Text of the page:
• Check the references. You will find “Csla” missing.
    • Remove the reference
    • Click Add Reference/Browse
    • Browse to CSLA\cslalightcs\Csla\ClientBin.
    • Add References to Csla.dll and System.Windows.Interactivity.dll
  • Repeat the procedure for SimpleApp
  • In project Library.Server:
    • Check the references. You will find “Csla” missing.
    • Remove the reference
    • Click Add Reference/Browse
    • Browse to CSLA\cslacs\Csla\bin\Release
    • Add a Reference to Csla.dll
  • Repeat the procedure for SimpleApp.Web.

6. Change the ServiceReferences.ClientConfig

This actually took me the longest, because I did not understand the problem. If you run the application (right click SimpleApp.Web/SimpleAppTestPage.aspx and click “View in Browser”), enter some values “for “Name” and “City” and hit “Save” you get an error indicating that there is no endpoint for contract “WcfPortal.IWcfPortal”.

Apparently something has changed in how Service Contracts are referenced in Silverlight 4. The solution turns out to be this:

  • open the ServiceReferences.ClientConfig file in the SimpleApp project
  • Locate the text contract="Csla.WcfPortal.IWcfPortal" 
  • Remove the “Csla.” prefix, including the dot, so that only contract="WcfPortal.IWcfPortal" remains
  • Run SimpleApp.Web/SimpleAppTestPage.aspx again

Hit some values for “Name” and “City” again, hit “Save” and the text “Inserted Client” appears. You can set some breakpoints to see CSLA actually goes back to the server for that. And, of course, you can right-click on the Silverlight application, click “Silverlight” on the ‘context menu’ and see that actually runs under Silverlight 4

This of course guarantees by no means that all the features of Csla will work under Silverlight 4 but at least we can go forward playing around in this new environment.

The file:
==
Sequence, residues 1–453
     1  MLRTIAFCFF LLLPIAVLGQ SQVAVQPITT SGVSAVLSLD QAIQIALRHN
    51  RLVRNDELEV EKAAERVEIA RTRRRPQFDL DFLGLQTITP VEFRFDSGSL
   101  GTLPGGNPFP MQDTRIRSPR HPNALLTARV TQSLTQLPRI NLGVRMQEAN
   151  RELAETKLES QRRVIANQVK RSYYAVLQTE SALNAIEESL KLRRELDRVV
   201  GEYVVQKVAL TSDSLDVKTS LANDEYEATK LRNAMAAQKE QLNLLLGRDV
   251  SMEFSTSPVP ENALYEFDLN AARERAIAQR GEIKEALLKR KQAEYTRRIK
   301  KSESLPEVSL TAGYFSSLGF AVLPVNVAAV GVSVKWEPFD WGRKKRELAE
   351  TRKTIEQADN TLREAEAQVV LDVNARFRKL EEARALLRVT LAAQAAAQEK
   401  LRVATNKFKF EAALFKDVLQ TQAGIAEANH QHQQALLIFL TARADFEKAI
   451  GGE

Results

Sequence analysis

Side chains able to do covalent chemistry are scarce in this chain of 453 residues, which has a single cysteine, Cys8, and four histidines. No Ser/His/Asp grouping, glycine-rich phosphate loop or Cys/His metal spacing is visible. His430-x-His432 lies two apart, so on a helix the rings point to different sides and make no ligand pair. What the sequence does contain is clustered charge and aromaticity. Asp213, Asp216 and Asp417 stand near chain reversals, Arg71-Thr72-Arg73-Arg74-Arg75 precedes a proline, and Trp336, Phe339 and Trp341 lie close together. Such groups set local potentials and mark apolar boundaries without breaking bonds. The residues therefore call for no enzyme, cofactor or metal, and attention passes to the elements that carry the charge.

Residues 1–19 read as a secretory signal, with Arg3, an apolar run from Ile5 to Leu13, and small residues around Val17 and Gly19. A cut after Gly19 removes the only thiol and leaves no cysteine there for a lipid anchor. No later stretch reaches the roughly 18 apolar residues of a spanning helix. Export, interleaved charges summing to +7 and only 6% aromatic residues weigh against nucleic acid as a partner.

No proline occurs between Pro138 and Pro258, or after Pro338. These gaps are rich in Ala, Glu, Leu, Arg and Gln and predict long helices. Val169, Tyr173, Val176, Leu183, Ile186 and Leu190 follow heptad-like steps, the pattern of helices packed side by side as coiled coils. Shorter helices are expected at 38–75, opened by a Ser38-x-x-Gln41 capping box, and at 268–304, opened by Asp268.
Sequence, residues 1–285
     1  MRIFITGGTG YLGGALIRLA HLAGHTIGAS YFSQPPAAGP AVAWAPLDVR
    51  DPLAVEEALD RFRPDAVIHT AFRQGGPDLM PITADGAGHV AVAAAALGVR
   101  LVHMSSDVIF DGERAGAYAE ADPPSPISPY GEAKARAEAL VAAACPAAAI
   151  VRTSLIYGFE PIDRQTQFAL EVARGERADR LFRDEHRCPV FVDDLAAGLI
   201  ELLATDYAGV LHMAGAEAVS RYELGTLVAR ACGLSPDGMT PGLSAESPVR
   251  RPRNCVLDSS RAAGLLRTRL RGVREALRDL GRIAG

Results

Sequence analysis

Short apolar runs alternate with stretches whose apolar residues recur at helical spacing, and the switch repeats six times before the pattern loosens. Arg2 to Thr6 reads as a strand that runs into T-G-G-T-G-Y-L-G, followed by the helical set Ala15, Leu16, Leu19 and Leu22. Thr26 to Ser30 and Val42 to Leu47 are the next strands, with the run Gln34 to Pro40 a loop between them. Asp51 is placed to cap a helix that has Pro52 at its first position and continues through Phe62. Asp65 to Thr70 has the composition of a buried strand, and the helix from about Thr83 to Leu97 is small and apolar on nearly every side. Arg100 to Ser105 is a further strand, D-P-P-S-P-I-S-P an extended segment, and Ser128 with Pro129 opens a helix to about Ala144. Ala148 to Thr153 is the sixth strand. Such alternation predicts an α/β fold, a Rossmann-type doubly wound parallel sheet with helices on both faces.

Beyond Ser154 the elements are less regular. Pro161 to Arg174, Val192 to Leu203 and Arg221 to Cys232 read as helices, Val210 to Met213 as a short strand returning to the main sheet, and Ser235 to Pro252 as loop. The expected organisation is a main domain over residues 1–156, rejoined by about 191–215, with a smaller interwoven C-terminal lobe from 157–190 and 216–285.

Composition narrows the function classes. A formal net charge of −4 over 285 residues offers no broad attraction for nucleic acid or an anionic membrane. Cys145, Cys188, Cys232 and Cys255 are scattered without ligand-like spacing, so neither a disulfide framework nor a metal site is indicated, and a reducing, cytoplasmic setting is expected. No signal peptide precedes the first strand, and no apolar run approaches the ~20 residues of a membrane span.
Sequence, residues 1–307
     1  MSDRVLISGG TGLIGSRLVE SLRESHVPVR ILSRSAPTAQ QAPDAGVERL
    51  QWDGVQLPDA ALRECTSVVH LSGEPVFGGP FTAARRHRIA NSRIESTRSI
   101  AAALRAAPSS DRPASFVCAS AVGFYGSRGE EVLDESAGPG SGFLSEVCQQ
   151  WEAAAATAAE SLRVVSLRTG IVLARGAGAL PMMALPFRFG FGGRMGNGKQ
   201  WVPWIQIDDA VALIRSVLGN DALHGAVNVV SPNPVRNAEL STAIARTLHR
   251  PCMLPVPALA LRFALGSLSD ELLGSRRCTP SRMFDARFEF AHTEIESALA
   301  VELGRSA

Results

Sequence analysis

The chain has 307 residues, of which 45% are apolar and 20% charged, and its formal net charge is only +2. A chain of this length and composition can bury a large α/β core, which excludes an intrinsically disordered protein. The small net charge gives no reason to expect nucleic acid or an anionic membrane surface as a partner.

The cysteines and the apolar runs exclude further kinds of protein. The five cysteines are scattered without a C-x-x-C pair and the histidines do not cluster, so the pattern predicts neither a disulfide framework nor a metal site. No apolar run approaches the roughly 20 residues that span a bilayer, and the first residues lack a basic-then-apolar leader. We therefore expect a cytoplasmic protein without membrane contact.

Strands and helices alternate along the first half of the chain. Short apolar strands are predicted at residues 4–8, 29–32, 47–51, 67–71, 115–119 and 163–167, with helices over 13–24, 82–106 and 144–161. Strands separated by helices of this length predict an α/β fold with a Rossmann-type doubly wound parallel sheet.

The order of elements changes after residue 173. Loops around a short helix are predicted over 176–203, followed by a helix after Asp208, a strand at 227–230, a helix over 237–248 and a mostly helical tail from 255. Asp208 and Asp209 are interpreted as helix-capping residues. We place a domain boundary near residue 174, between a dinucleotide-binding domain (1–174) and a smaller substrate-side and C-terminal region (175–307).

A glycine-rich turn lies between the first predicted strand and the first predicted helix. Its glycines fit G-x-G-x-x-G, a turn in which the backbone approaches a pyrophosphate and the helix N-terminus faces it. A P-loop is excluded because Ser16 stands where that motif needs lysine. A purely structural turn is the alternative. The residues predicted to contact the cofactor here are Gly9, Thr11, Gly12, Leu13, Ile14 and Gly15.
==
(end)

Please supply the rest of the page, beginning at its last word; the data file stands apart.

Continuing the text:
5 comments:

Kevin Klasman said...

These directions worked perfectly for me (using VS2010 Beta 2) except that the SimpleApp.Web project in the SimpleApp solution is missing clientaccesspolicy.xml.

Once I added one (copied from the CSLA Rolodex sample app) the application ran fine.

One question though...what does “And, of course, you can right-click on the Silverlight application, click “Silverlight” on the ‘context menu’ and see that actually runs under Silverlight 4” mean? I'm very new to Silverlight.

Thanks so much for this very helpful post!

Kevin, in Wilmington, MA

Loc#alJoost said...

What I mean is - move your mouse cursor to the SimpleApp Silverlight application en then right-click your mouse. Then a small menu pops up, with only one entry - "Silverlight". If you click that, you get some info on the Silverlight version you are running.

skyle said...

Thanks man! It really helps me a lot! I hope you post more articles related to this. :D I need more samples and tutorials for CSLALight and Silverlight 4. Thanks again!

dbl said...

Joost,

Have you ever put CSLA and MVVMLight together? I'm working on it but having a challenge getting the data to come through. Right now when the DataPortal on the server side runs I'm getting an error because it thinks the objects are in the .Client namespace instead of the .Server namespace. Any thoughts or samples I might could use?

Joost van Schaik said...

@dbl pooh, this is an old article running on an outdated piece of software. Yeah currently I am starting a project doing just that, but I don't have any clear samples (yet). I am mostly using the default CSLA stuff, still getting to grips with that. Mixing and matching with MVVMLight messaging, commands and triggers works well, but my ViewModels descend from CSLA viewmodels now